Fig. 6
YXQ-EQ downregulated recoverin (a) and aldolase A (b) gene expression. Left panel microarray analysis. Middle panel semi-quantitative RT-PCR analysis. M: 100-bp DNA ladder marker. Right panel real-time qPCR analysis. In both middle and right panel, for ...

Aldolase A is a glycolytic enzyme, which is overexpressed in human lung cancer [32]. It has been reported as an antigenic retinal protein in melanoma-associated retinopathy (MAR) [33]. Microarray data showed a trend of down-regulation of Aldolase A starting at 12 h after YXQ-EQ treatment. This decrease reached a trough at 36 h and remained low at 48 h after treatment (Fig. 6b). The expression reduction at 36 h after treatment was confirmed by semi-quantitative RT-PCR and real-time qPCR. More than two-fold reduction of Aldolase A gene expression in response to YXQ-EQ treatment was detected (Fig. 6b; Table 1).


In the present study we demonstrated that YXQ-EQ effectively induced apoptosis in SCLC cells, which is in accordance with our previous reports that YXQ-EQ induces apoptosis in pancreatic, prostate and breast cancer cells [46]. In order to understand the underlying molecular mechanisms of the cytotoxicity of YXQ-EQ on cancer cells, we examined the changes of gene expression profile in SCLC cell line NCI-H82 induced by YXQ-EQ through microarray analysis and identified 39 genes whose expression was altered by YXQ-EQ. Among them, the gene expression levels of oncogenes MYCL1 and DEK were reduced and the levels of apoptotic genes DAPK2 and CIDE-B were increased, which both could inhibit cancer cell proliferation and lead to cell death and play a role in YXQ-EQ-induced cell death/apoptosis. Meanwhile, the expression of cell migration-promoting adhesion molecules CD24 and ITGA9 was found to be downregulated after YXQ-EQ treatment, suggesting YXQ-EQ may have an inhibitory effect on SCLC cell migration. In support of this notion, we have previously reported that YXQ-EQ suppresses the migration and invasion of metastatic breast cancer cell line MDA-MB-231 in vitro [6]. YXQ-EQ also downregulated the expression of glycolytic enzyme Aldolase A. Thus, our findings indicate that YXQ-EQ may exert anti-lung cancer effect through induction of apoptosis and inhibition of proliferation, migration, and glucose metabolism in cancer cells via simultaneously interfering with the expression of multiple genes involved in various biological pathways and functions.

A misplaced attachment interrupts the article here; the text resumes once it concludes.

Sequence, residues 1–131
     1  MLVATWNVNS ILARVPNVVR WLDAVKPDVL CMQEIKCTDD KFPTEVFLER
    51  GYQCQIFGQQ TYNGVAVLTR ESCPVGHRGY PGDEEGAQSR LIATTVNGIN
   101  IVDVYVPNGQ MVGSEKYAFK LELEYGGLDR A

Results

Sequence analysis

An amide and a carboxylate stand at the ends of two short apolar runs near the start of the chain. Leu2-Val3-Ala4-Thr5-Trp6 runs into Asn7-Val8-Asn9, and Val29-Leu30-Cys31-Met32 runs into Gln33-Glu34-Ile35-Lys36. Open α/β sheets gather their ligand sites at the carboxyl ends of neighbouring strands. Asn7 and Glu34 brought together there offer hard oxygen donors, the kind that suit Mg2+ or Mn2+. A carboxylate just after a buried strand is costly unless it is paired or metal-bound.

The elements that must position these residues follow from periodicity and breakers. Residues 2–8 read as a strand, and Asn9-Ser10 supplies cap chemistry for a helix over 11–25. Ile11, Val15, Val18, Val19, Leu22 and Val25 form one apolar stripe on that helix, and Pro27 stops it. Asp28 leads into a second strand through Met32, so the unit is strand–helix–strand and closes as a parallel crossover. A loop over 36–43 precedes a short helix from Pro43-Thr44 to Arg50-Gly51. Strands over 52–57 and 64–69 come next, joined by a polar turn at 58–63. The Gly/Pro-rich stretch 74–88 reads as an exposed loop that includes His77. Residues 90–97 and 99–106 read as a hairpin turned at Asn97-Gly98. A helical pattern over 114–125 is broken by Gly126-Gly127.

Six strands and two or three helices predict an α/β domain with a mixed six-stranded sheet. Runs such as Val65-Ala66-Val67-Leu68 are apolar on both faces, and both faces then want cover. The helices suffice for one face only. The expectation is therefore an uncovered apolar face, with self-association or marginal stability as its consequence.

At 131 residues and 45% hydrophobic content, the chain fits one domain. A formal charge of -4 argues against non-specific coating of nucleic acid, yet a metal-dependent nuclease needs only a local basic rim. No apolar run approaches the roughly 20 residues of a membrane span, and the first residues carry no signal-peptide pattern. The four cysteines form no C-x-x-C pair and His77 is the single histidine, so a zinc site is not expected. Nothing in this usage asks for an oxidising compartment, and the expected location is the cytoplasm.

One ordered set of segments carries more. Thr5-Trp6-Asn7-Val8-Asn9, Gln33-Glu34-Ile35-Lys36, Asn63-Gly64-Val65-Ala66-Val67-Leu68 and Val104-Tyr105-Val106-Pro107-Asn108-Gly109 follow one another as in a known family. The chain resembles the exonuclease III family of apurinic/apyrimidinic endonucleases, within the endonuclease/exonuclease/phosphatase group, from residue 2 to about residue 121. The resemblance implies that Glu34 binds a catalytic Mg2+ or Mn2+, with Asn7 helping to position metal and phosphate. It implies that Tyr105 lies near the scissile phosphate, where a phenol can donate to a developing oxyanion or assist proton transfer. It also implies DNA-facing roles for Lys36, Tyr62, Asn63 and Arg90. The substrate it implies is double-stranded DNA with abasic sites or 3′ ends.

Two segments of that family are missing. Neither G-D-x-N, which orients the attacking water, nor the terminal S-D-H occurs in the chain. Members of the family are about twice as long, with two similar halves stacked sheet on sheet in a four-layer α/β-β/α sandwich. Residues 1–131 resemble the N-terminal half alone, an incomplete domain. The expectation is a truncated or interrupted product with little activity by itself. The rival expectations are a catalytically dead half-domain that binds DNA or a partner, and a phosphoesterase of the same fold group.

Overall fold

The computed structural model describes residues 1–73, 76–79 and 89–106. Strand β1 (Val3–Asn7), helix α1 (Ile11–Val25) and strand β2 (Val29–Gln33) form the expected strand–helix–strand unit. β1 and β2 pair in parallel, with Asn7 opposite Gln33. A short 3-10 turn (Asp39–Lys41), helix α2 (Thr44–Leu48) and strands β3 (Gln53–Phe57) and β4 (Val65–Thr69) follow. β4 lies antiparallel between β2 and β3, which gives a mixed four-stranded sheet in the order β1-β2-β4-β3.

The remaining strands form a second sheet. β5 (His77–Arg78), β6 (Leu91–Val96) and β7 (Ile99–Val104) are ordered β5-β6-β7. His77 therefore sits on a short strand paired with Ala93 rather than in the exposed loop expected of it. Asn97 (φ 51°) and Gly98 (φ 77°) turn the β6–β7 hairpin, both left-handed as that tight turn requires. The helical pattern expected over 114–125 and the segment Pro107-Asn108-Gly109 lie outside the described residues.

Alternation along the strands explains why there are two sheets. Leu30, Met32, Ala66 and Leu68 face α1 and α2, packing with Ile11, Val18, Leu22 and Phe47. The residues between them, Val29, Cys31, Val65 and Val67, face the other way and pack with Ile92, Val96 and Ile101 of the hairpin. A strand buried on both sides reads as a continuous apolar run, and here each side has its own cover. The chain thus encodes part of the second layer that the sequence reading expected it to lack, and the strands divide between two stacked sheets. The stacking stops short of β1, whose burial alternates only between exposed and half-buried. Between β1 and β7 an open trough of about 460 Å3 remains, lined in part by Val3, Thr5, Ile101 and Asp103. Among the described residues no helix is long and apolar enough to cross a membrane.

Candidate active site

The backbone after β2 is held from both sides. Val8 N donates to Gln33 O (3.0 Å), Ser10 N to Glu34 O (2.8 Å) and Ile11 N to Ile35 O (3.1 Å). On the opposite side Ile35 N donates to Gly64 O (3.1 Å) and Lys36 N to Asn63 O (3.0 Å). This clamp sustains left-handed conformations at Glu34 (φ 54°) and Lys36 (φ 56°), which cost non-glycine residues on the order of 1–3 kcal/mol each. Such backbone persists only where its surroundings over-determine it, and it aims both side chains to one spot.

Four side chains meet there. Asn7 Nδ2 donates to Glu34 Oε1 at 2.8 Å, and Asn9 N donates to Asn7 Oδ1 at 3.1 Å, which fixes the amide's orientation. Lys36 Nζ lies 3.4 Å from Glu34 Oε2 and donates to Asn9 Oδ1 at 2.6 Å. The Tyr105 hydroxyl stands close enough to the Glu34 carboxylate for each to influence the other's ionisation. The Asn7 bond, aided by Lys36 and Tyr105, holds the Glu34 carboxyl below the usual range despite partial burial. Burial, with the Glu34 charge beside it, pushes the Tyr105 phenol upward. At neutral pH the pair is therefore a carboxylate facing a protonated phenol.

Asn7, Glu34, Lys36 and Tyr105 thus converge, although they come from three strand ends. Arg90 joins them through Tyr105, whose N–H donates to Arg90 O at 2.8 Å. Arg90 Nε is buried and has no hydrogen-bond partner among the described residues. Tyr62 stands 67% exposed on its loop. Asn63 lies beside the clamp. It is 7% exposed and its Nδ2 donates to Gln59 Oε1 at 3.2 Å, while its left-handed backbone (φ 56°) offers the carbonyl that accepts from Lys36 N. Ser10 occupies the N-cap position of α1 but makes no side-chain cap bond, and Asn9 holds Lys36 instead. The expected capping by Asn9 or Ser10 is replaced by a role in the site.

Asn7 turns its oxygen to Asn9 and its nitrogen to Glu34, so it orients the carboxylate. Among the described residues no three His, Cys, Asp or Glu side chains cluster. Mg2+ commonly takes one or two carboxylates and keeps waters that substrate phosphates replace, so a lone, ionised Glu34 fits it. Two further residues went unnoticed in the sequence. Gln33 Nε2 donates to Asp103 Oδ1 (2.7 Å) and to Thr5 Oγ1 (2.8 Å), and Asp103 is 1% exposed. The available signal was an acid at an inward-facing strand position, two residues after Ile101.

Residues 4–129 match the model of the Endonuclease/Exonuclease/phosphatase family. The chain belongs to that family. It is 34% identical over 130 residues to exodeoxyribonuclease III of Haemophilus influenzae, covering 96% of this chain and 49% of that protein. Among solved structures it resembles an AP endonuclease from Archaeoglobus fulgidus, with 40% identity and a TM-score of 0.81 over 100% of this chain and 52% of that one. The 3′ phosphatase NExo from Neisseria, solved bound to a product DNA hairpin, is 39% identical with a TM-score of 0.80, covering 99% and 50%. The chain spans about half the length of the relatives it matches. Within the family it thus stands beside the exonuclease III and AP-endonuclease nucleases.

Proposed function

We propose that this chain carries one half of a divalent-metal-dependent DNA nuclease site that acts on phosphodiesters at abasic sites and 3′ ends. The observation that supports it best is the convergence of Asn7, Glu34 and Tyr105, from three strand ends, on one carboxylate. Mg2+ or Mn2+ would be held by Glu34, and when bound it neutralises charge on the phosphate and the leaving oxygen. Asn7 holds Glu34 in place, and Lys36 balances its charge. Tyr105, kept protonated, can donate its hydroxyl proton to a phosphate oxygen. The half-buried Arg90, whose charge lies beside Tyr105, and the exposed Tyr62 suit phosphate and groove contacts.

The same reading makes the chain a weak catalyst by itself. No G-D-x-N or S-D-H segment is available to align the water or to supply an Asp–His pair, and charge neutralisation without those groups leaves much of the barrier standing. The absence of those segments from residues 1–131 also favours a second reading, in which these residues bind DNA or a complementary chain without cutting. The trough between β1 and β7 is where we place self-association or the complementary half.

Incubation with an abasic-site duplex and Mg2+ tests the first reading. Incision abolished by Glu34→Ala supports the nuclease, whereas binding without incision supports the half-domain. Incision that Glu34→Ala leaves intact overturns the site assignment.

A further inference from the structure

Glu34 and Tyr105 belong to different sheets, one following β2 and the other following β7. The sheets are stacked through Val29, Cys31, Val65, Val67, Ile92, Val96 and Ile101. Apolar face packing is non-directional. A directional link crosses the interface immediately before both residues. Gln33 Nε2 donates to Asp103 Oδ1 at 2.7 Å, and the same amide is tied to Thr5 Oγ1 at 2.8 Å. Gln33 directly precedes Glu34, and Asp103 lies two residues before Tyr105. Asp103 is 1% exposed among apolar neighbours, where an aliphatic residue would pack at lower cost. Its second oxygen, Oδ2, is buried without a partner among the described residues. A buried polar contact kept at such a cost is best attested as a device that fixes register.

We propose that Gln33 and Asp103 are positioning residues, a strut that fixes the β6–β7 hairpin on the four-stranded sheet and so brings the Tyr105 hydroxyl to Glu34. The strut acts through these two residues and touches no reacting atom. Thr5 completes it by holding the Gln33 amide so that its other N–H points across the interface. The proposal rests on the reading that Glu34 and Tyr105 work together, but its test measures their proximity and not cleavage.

DAPK2 is a recently identified calcium/calmodulindependent protein kinase that has an intrinsic kinase activity. Increase of intracellular Ca2+ can activate DAPK2 and thereby facilitate apoptosis. Overexpression of DAPK2 induces cell death [34], and restoration of downregulated DAPK2 expression in Hodgkin lymphoma induces apoptosis [35]. Aberrant DNA methylation associated with repressing/silencing DAPK2 gene expression was shown in non-small cell lung cancers, nasopharyngeal carcinomas, and colorectal and gastric cancers [36, 37]. It is not known whether the promoter of DAPK2 gene in SCLC cells is aberrantly methylated to inhibit or silence its expression, but it is reasonable to conjecture that the enhanced expression of DAPK2 in NCI-H82 cells had contributed to the induction of apoptosis in NCI-H82 cells after YXQ-EQ treatment. CIDE-B protein is located in mitochondria and dimerized with other CIDE family members [22]. It induces apoptosis through cytochrome c release. Like DAPK2, overexpression of CIDE-B induces apoptosis in transfected cells [38]. Moreover, inactivation of CIDE-B can inhibit CIDE-B-induced apoptosis [38]. Conceivably, overexpression of CIDE-B in cancer cells would promote cancer cell apoptosis. Elevated expression of DAPK2 and CIDE-B in YXQ-EQ-treated NCI-H82 cells that underwent apoptosis suggests that activating apoptotic pathway(s) which involves DAPK2 and CIDE-B is one of the mechanisms utilized by YXQ-EQ to manifest its cytotoxicity towards cancerous cells.